• Realize that ice shows won’t be in their life forever.  The reality is few in the chorus in Capades, Holiday or Disney went on to have careers in ice shows.  There are jobs in production, choreography, costumes or sets to move into once your legs stop moving, but they are few and far between.  Luckily, I think most chorus skaters want to move on from ice shows and into permanent housing, relationships, and jobs anyway.  Hopefully the skater will enjoy the traveling, the costumes and the performing while they can.
So if you’re still nervous about your son or daughter running away to join the circus an ice show or have any questions, please send me a comment.

Tuesday, March 30, 2010

Synchro: No Way. We Need Ice Dance, Too?

This guest post comes courtesy of Synchro Mom, who will be blogging at starting this Saturday, April 3.
Mom decided one day her daughter needed to try a sport! Not having any sports ability, we just decided to put it out there. First we tried softball, no good: Mom took a ball to the face.

O.K. let’s try volleyball, no good: Daughter took a ball to her face.

Much dental work and many oral surgeon visits later, Mom with her swollen face decided that Daughter would try ice skating. Off to the rink, which, lucky for us, is almost in our backyard, to begin our journey. At our rink, Daughter loved the ice and the sport! YAY!

At our rink, synchronized skating is HUGE and I mean HUGE! We have several teams at different levels and skaters with competitive spirits that skate daily to win! Synchro Girl watched in awe as the skaters linked together and covered all areas of the ice.

She wanted to join immediately; that was not to be the case. First, she had to participate in a three-week synchronized training session in the spring and then tryout. She was placed on a preliminary team and we were off and skating sync.

Through the years, she has skated her way up to different team levels and is having fun and working hard. Please join us in our journey to see what the synchro world has to offer. It will be fun-filled and I hope useful. I’ll also explain the use of white bobby pins for competitions! (Please Ice Mom: let me keep blogging, I promise to be good!)

Many of us Synchro Moms sit in the stands at the end of each night, frozen, yet smiling merrily as our skaters glide by. We’re just waiting for the Zamboni buzzer to go off and our skaters to exit the rink until tomorrow. Isn’t it funny, how even frozen to the core, you still have some of your senses? I can pick up a conversation, down three rows, from one end of the bleachers to the other.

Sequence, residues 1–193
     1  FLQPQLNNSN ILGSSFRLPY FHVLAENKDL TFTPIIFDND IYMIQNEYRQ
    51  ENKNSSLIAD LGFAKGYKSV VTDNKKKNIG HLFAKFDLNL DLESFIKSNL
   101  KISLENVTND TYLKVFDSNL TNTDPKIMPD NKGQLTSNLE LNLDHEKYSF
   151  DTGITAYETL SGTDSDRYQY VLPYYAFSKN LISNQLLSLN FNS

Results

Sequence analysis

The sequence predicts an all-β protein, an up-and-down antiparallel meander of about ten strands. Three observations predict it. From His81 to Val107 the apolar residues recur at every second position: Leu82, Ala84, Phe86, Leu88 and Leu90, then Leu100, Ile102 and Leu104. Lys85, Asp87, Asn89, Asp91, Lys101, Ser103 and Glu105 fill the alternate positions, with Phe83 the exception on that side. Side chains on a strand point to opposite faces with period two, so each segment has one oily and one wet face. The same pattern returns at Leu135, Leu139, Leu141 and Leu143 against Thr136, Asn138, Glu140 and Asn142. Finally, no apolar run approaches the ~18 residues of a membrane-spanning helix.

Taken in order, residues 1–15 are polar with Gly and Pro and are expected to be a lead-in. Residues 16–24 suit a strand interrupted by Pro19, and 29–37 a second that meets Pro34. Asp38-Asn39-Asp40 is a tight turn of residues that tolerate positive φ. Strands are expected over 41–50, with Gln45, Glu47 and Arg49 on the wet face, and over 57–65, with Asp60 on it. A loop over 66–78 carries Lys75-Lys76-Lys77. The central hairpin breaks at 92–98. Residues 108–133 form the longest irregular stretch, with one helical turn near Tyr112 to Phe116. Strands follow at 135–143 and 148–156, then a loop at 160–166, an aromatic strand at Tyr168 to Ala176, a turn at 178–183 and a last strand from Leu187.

I’m sitting all alone, trying to read, when I hear something I haven’t heard in the four years I’ve been warming that stupid bench.

I looked up from my book and shouted, “What? You need ice dance, too?”

After four years of synchro-skating where did that come from?

I moved down the bleachers. O.K., I ran down the bleachers so I could listen to the other Synchro Moms discuss the benefits of synchro-scholarships and how ice dancing is a requirement for many of the college teams.

So we will now add ice dance to Synchro Girl’s lessons and I will explore the requirements a synchronized skater would need to be eligible for college synchro-scholarship. (Should we just say watch for this blog posting as I want to list all or many of the colleges that offer scholarships?) Thoughts?

What do you think, Synchro Moms? Should Synchro Skaters take Ice Dance? Do you recommend anything else? Heard any rumors about Synchro-Scholarships? Let's share our knowledge!

As always, if you have some brilliant idea for a post, please let me know! If you have any questions for me, the Ice Moms, Ice Coach, Ice Girl, Synchro Mom, or anyone else, I'll try to lend you a hand. If you're an expert, you can be my new best friend if you consider posting for the Wednesday Ask the Expert feature. Just send me an e-mail!

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Monday, March 29, 2010

How-to: Make Your Own Figure Skate Deodorizer

I’ve spent $25 in the past on cute Stinkeez odor absorbing thingies. They’re made of colorful fleece and come in fun shapes like sharks and lizards. The idea is to stuff the Stinkeez in the figure skating boot to absorb foot odors and moisture.

The Stinkeez is filled with silica gel, which is a desiccant. You know those little paper packets that come in purses or shoe boxes? Those are filled with silica gel. You can find silica gel in bulk at craft stores. Crafters use it to dry flowers.

You can make a home-made Stinkeez very cheaply using single socks and cheap ingredients.

  • Two clean, mismatched socks - with tops (not little ankle socks)
  • A desiccant: baking soda or white rice or cornmeal and borax or silica gel (You just need one of these, not all of them. So, if you choose baking soda, you don't need rice, etc. You'll get the best results with silica gel.)
  • Wide-mouthed funnel or a rolled-up piece of paper or  a narrow drinking glass
  • Optional: scented oil (peppermint, etc.)
I'm sure you see where this is going. Using the funnel or a piece of paper that's been rolled up into a funnel shape, fill each sock with the desiccant, stopping about three inches from the top. You can also use a narrow drinking glass for this purpose. Put the sock inside the glass and fold the sock's top over the edge to hold the sock open. Spoon in the desiccant.

Add a couple of drops of scented oil and tie off the sock's top with an overhand knot.

See? Cheap and simple. If you want to go fancy, buy some funky toe socks or holiday socks.

Update: From Advisory Board member S.F.: One of the best ways to combat stinky skates is to remove them from the skate bag so they can dry out. It also  prevents them from rotting. My daughter had a pair of skates rot last year because we never took them out of the bag when we got home. We have been removing them religiously every day and they no longer are smelly.